Before stepping foot on an Orlando Shakes stage, Miller was a core company actor at a non-equity Shakespeare company in Pennsylvania for three years. A few of the roles she took on during her time there were Ophelia in Hamlet, Juliet in Romeo and Juliet, Isabella in Measure for Measure, Gwendolyn in The Importance of Being Ernset, Hero in Much Ado About Nothing, and Rivkeh Lev in My Name Is Asher Lev.
Miller began her tenure at Orlando Shakes as a Acting and Education intern in 2015. She was attracted to the program due to “the impressive reputation of Orlando Shakes, as well as the equity points program that they offered.” She went on to say the opportunity, “afforded (her) to be in a number of shows, earn Actors’ Equity points, take classes, and teach children all in one season.”
When asked about her most memorable experience as an Orlando Shakes intern, Miller brought up being in Monty Python’s SPAMALOT, and playing Nina in Vanya and Sonia and Masha and Spike. These experiences gave her the opportunity to learn Broadway choreography and be surrounded by talented casts and crews that taught her a great deal throughout the season.
Now that she’s moved on from being an intern and is currently a lead in Orlando Shakes production of The Great Gatsby, Miller reminisces on her transition to where she is now:
“Orlando Shakes and the people who work here became my home. It’s a truly wonderful feeling to return to a place where I’ve received such kindness and support. I’m so deeply grateful and honored to play this role.”
As both intern and now featured performer, Miller has had the opportunity to work with many of the creative leaders at Orlando Shakes in different contexts. One of those people is Anne Hering, Director of Education at Orlando Shakes. Miller has known Hering as both “Education Director” and as “Director of The Great Gatsby.” Along with those main distinctions, Miller has also interacted with Hering as “teacher, supervisor, fellow actor, and director.” She says, “all have been exceptional experiences and it’s been a thrill to bring (Daisy) to life with her.”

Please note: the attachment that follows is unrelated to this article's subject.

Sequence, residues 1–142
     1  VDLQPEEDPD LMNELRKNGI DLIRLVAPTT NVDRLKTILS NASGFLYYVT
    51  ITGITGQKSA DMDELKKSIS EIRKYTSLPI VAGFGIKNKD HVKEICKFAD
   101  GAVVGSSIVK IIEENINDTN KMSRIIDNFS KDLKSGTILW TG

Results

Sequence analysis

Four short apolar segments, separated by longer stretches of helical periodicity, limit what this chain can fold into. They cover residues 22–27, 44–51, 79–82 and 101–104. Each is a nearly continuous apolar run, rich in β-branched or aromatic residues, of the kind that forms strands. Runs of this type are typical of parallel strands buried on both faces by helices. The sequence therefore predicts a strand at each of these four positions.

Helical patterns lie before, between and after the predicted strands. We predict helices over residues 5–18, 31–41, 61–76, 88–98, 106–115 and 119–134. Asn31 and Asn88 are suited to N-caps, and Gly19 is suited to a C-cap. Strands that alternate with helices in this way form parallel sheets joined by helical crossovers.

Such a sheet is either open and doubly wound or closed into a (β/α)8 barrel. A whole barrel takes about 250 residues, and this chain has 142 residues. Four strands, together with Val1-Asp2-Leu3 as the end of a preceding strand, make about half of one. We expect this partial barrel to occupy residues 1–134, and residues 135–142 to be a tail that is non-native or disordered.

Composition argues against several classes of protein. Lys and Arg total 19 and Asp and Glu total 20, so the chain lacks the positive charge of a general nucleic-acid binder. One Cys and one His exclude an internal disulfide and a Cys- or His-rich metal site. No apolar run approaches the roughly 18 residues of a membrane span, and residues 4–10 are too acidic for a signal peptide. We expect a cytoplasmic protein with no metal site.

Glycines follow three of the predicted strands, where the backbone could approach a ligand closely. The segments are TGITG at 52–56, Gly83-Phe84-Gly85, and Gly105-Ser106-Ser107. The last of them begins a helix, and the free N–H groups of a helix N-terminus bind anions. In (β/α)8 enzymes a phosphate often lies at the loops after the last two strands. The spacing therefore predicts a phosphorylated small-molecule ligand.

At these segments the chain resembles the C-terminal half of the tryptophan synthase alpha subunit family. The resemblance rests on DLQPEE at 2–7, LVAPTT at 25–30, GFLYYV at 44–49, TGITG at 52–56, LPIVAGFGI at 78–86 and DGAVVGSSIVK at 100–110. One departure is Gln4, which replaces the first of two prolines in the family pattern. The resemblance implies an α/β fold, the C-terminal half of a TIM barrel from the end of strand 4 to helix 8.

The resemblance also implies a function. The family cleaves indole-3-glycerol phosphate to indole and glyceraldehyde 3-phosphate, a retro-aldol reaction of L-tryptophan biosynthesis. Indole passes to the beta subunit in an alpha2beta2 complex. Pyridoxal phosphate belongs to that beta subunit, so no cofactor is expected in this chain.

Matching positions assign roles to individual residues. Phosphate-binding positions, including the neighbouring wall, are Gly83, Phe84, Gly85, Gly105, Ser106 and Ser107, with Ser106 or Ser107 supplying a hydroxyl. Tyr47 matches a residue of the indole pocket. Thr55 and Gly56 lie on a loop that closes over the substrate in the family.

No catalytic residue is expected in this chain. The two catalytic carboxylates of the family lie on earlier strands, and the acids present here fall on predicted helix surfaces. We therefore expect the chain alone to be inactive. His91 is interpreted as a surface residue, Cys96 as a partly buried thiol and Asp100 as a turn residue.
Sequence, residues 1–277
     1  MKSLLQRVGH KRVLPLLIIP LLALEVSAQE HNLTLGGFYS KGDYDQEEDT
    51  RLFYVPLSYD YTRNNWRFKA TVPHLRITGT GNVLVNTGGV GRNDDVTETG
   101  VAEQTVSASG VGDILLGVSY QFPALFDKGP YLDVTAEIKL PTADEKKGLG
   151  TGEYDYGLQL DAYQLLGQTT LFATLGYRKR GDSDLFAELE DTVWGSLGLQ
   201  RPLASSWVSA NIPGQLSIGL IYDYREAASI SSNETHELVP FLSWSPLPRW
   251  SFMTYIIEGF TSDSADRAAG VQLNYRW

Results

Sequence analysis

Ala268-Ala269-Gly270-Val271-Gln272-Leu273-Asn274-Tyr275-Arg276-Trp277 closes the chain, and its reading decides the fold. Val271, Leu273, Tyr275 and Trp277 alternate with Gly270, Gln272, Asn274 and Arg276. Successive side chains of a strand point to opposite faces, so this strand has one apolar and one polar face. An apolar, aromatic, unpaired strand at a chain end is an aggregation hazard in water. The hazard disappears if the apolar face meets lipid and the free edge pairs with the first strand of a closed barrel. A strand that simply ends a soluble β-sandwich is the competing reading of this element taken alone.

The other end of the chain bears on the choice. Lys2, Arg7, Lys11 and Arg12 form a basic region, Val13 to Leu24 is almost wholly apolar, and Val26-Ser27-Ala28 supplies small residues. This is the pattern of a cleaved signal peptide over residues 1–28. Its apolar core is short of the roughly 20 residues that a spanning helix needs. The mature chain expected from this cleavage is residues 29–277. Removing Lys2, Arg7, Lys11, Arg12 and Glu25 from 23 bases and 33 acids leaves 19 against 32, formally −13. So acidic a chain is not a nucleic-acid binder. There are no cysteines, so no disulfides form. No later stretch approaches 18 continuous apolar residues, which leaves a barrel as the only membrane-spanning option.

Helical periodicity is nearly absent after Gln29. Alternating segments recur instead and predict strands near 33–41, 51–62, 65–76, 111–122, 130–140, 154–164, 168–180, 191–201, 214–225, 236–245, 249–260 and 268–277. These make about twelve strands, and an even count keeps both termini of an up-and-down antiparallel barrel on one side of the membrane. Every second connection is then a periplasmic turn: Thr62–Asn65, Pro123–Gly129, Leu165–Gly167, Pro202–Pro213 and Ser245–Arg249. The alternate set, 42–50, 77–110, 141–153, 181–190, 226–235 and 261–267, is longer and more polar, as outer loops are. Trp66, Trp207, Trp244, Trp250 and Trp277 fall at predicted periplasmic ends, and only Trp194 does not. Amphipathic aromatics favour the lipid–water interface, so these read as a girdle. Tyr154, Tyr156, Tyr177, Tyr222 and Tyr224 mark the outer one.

The Great Gatsby has been produced many times in many different ways. But that doesn’t keep Miller disinterested, quite the contrary:
“At the end of the day, we have approximately two hours to tell a story. Finding Daisy within this play has been thrilling and is ever-evolving. In these rehearsals, I’m continuing to find nuances in each moment with the other actors on stage. Daisy is a complex character and my hope is to find her truth and play it honestly.”
In order to prepare for such a role, Miller watched 1920’s documentaries, research various facts and works of F. Scott Fitzgerald, searched for examples of Louisville accents, and last but certainly not least, actually read The Great Gatsby. All of this, and more, go along with preparing for a role.
“An actor is never done researching background for their role,” Miller said. “In creating the life and world of a character, there will always be more to discover.”